Matt Yglesias noted that in Germany, consumers are required to purchase coverage from one of many non-profit "sickness funds" that are regulated by the government. "It's true that this meets a technical definition of 'not government-run.'" Matt explained. "But the extent to which the Germany system isn't government run doesn't extend to dealing with any of the concerns of private industry. Which is fine by me, but nothing in Conrad's talk of co-ops and such has suggested that he's serious trying to put for-profit health insurance out of business, which is exactly what the German model does."

But I think Kevin Drum was perhaps the most succinct in summarizing the problem with the senator's remarks.

This has been sort of rattling around in my head ever since I saw it, but I couldn't quite put my finger on what I wanted to say about it. But then I figured it out: it's completely, 100% batshit crazy. I mean, is this actually breaking news to Conrad after (excuse me a moment while I google) 22 years in the Senate? WTF?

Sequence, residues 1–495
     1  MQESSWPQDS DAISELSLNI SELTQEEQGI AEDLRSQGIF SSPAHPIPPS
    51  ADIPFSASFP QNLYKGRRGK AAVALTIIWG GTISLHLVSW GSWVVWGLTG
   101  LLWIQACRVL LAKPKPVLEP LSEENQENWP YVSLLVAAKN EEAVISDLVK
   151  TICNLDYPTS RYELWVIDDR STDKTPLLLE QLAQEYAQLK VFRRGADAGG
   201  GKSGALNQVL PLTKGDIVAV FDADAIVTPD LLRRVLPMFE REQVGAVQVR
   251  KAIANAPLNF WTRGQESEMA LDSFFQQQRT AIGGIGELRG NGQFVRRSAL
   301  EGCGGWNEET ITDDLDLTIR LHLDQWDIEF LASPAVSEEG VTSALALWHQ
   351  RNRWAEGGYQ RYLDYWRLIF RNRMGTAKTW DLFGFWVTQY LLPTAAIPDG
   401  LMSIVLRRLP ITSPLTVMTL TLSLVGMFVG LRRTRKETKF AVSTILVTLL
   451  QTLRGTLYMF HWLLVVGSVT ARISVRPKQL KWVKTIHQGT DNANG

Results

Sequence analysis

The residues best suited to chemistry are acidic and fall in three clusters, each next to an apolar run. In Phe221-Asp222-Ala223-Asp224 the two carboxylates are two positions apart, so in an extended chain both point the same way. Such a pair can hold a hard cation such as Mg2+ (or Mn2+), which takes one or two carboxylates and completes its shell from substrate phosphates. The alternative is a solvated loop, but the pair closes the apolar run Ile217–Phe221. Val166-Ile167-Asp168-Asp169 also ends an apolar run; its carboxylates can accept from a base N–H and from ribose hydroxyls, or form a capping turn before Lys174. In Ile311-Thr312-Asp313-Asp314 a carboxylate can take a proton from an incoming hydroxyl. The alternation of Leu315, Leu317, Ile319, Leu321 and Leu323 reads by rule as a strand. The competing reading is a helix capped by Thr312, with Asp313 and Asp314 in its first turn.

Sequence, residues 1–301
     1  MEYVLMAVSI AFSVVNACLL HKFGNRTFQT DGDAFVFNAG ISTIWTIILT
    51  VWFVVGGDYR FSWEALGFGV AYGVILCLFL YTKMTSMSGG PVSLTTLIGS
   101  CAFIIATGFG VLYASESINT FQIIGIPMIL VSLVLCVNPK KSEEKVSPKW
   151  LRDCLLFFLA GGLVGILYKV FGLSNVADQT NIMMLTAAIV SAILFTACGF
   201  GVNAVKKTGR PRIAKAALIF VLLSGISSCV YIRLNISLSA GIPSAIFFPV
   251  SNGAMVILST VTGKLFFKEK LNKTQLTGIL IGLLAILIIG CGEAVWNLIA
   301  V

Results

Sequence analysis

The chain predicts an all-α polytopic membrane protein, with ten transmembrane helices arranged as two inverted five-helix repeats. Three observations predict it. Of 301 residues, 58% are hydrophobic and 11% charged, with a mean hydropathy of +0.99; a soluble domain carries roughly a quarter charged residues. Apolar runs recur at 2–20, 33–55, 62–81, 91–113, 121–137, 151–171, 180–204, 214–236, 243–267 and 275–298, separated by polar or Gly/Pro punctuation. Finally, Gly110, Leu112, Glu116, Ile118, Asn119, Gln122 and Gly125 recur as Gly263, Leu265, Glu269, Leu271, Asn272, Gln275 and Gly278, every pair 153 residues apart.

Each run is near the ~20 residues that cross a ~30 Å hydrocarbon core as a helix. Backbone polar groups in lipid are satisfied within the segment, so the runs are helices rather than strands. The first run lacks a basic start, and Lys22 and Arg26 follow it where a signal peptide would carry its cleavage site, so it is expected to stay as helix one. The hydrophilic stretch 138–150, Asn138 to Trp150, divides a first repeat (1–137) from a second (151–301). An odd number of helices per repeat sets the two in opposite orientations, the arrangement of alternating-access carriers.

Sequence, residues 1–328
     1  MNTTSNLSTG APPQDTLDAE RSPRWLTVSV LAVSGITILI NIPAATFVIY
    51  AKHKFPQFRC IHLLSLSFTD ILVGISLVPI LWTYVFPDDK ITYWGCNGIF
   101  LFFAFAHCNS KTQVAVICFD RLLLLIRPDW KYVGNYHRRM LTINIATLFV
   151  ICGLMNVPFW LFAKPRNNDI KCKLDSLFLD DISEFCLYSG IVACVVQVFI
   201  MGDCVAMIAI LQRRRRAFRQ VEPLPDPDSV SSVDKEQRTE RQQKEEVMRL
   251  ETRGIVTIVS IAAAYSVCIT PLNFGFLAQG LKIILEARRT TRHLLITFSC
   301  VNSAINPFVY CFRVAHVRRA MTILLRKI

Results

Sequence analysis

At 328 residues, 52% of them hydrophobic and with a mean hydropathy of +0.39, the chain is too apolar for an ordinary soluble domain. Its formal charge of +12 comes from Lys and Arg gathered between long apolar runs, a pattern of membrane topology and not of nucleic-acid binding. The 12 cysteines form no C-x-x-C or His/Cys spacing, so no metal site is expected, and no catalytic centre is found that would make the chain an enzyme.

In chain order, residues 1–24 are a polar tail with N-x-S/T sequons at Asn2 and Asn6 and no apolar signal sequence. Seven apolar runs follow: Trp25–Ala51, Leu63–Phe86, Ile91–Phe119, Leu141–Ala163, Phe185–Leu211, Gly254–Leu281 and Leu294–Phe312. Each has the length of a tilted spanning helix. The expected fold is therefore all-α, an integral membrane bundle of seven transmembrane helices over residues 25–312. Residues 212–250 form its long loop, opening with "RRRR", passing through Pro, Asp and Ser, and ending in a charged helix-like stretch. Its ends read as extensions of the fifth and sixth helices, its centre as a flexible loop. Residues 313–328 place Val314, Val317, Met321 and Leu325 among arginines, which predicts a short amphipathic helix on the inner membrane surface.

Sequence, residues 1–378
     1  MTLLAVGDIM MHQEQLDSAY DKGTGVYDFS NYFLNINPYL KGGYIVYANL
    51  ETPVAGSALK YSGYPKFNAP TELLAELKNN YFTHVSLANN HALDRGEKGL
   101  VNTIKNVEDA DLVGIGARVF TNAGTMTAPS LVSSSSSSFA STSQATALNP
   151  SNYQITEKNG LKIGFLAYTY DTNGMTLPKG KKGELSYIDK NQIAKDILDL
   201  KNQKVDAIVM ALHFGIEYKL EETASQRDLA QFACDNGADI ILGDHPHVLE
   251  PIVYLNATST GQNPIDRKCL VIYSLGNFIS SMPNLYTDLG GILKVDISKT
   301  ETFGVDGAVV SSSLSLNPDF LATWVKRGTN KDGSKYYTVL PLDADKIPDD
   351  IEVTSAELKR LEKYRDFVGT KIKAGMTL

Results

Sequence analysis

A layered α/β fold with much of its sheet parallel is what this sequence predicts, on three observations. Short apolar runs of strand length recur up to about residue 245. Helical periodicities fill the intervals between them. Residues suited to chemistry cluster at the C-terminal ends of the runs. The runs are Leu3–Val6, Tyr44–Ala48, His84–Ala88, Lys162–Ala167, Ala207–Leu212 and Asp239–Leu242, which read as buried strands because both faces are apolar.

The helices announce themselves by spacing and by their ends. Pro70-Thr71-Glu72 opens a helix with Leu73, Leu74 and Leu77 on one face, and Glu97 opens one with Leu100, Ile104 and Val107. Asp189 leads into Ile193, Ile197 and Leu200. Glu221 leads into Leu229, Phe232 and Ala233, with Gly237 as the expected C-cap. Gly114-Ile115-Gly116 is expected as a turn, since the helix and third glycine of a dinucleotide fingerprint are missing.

Believe me: Conrad's "progressive friends" would be punch drunk with ecstasy if the United States adopted the healthcare system of (take your pick) Japan, France or Germany. It would be beyond our wildest dreams. Does Conrad really not know this? Did he only find out this weekend that those other countries have terrific healthcare systems that contain costs, provide universal coverage, and boast very high-quality care?

Conrad's efforts to impress the blogosphere will have to wait for another day.

Steve Benen 2:15 PM Permalink | Trackbacks | Comments (60)

Bookmark and Share
 
Comments